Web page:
The Impossible Burger is a story of a visionary, passionate founder we businesspeople and entrepreneurs can learn from.
People always ask about its taste, so I'll get that out of the way. I last ate meat in 1990, but I for sure tasted that beef flavor in my first bite of an Impossible Burger. I couldn't help remarking on it.
For me, though, fidelity to beef didn't matter, but I'm in the minority for not liking meat. I prefer veggie burger (especially the Superiority burger in the East Village for readers in New York) specifically for not tasting like meat. (Although I won't like that the place we went, Umami Burger, had several options and we ended up trying them all.)
Come to think of it, I prefer vegetables to a veggie burger.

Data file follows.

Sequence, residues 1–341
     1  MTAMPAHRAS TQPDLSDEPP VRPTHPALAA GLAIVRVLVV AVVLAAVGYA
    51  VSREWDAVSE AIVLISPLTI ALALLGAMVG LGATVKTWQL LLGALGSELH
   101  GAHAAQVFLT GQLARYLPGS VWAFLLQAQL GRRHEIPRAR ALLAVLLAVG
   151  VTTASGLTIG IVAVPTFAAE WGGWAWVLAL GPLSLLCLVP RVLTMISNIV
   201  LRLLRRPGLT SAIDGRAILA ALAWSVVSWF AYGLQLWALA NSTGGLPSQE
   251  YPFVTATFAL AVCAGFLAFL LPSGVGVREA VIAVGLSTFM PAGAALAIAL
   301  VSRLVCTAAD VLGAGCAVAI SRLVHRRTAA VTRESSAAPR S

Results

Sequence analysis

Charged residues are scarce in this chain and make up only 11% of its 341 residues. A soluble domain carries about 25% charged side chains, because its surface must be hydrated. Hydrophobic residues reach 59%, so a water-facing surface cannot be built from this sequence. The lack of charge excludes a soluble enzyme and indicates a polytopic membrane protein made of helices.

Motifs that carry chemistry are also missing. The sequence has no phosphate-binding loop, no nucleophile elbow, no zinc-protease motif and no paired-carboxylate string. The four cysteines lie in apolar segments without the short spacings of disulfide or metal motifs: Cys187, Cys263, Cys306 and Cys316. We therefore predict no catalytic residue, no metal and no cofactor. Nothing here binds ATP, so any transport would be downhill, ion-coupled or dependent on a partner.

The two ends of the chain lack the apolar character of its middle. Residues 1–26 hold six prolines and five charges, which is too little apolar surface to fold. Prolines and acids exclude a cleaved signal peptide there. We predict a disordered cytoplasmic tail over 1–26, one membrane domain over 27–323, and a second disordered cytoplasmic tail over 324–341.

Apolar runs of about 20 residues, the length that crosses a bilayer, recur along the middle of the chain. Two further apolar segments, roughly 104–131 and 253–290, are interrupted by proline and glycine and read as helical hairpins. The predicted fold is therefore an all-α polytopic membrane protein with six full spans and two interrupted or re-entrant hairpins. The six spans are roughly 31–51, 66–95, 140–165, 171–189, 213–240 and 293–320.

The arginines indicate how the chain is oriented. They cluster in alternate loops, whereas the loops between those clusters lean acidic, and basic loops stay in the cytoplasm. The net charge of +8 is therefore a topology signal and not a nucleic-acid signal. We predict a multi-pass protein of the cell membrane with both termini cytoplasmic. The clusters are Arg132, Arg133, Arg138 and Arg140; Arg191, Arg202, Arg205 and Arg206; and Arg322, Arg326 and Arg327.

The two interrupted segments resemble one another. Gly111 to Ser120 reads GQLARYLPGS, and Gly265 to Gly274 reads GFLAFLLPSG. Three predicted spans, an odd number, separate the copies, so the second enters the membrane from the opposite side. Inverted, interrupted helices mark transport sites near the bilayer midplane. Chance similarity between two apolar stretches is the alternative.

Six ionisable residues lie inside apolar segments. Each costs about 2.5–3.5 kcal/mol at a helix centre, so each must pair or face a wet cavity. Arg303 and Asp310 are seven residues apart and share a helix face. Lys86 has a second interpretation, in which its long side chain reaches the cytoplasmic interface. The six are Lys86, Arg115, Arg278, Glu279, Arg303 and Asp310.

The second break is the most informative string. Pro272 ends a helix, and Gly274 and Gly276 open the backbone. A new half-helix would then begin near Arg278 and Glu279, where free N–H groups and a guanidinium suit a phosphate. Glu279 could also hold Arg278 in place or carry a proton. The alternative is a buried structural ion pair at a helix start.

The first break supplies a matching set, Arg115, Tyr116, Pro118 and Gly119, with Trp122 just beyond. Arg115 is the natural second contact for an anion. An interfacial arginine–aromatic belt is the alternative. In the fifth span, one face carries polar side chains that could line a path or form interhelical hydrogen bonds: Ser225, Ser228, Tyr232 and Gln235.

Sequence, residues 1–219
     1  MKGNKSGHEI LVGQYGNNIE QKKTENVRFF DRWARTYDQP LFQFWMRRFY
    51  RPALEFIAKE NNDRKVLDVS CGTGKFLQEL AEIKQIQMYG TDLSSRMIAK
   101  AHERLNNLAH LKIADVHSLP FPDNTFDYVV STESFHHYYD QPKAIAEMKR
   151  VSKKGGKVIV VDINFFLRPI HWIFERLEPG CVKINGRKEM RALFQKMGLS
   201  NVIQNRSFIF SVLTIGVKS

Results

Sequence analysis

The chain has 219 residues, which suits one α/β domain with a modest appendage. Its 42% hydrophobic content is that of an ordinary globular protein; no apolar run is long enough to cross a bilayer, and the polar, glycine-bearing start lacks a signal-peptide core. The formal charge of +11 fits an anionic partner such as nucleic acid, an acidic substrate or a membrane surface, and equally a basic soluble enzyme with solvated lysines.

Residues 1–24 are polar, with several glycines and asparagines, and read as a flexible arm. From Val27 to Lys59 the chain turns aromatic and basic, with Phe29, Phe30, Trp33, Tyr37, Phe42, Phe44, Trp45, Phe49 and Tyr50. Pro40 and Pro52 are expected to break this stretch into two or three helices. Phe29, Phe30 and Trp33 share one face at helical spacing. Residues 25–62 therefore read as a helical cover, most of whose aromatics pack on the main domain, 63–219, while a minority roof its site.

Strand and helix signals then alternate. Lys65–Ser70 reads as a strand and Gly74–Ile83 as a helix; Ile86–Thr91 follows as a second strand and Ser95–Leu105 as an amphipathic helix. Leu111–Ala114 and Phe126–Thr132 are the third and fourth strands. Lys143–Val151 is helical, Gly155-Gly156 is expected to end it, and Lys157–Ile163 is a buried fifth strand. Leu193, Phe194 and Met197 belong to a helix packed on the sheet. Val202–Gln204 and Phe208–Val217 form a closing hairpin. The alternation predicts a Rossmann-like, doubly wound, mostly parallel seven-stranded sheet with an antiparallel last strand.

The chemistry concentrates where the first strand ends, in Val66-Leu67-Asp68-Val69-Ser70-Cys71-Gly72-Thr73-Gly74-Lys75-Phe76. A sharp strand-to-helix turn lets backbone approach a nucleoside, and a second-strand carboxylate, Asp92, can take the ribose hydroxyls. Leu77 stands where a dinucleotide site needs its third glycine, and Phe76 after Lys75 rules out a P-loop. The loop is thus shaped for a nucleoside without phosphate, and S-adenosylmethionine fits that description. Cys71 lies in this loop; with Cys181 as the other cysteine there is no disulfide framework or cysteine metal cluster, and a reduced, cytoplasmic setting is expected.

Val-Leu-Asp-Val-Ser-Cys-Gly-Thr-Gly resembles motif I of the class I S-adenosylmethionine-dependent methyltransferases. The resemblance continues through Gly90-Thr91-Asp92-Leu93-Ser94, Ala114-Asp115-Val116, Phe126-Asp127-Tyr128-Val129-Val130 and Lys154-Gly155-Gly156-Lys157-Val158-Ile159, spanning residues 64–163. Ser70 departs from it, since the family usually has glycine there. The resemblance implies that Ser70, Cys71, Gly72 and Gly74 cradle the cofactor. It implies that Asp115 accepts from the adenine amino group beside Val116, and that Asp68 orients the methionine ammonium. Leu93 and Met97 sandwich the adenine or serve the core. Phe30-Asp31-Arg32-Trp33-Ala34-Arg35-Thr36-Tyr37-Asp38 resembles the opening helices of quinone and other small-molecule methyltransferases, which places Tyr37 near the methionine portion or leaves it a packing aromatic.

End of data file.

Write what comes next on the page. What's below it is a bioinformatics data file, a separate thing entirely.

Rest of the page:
And that's the point of the Impossible Burger.
Some people want beef.
They will accept no substitute.
As long as they want it--and hundreds of millions seem to in this country--trying to change them won't get far. Yet producing beef still consumes resources, pollutes, expands, emits, and so on. Include the human, animal, and environmental ravages of factory farming and beef production becomes less tenable.
Yet people seem willing to overlook their effects on others to satisfy their taste cravings.
The Impossible Burger's Radical Insight
Pat's (in my opinion) radical idea is that meat doesn't have to come from animals.
Let that sink in a second. Meat doesn't have to come from animals.
His goal is not to make an alternative to a burger, but to make a burger without an animal.
I'm not his market. Those hundreds of millions of others are.
If they can't tell in a blind taste test, they can get what they want without the resource depletion, pollution, emissions, and so on of raising and slaughtering animals.
An animal turns plants, water, air, and so on into itself. If they can do it, we can too. It just means reproducing or approximating physical processes, which may take time, resources, research, and so on, but that's what entrepreneurs do.